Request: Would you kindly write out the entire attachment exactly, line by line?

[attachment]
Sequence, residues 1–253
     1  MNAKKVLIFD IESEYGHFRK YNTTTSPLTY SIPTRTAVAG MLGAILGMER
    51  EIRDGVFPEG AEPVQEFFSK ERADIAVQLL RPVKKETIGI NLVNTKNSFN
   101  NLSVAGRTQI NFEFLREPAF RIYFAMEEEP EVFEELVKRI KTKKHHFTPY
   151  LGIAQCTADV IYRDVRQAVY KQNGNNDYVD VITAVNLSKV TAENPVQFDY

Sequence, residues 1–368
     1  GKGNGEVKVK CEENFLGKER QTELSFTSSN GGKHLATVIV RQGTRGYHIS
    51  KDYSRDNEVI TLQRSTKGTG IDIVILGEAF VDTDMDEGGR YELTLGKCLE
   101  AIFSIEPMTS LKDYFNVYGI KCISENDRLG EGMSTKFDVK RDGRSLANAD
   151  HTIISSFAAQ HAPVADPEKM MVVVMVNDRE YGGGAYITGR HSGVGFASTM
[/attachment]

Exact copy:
Sequence, residues 1–253
     1  MNAKKVLIFD IESEYGHFRK YNTTTSPLTY SIPTRTAVAG MLGAILGMER
    51  EIRDGVFPEG AEPVQEFFSK ERADIAVQLL RPVKKETIGI NLVNTKNSFN
   101  NLSVAGRTQI NFEFLREPAF RIYFAMEEEP EVFEELVKRI KTKKHHFTPY
   151  LGIAQCTADV IYRDVRQAVY KQNGNNDYVD VITAVNLSKV TAENPVQFDY

Sequence, residues 1–368
     1  GKGNGEVKVK CEENFLGKER QTELSFTSSN GGKHLATVIV RQGTRGYHIS
    51  KDYSRDNEVI TLQRSTKGTG IDIVILGEAF VDTDMDEGGR YELTLGKCLE
   101  AIFSIEPMTS LKDYFNVYGI KCISENDRLG EGMSTKFDVK RDGRSLANAD
   151  HTIISSFAAQ HAPVADPEKM MVVVMVNDRE YGGGAYITGR HSGVGFASTM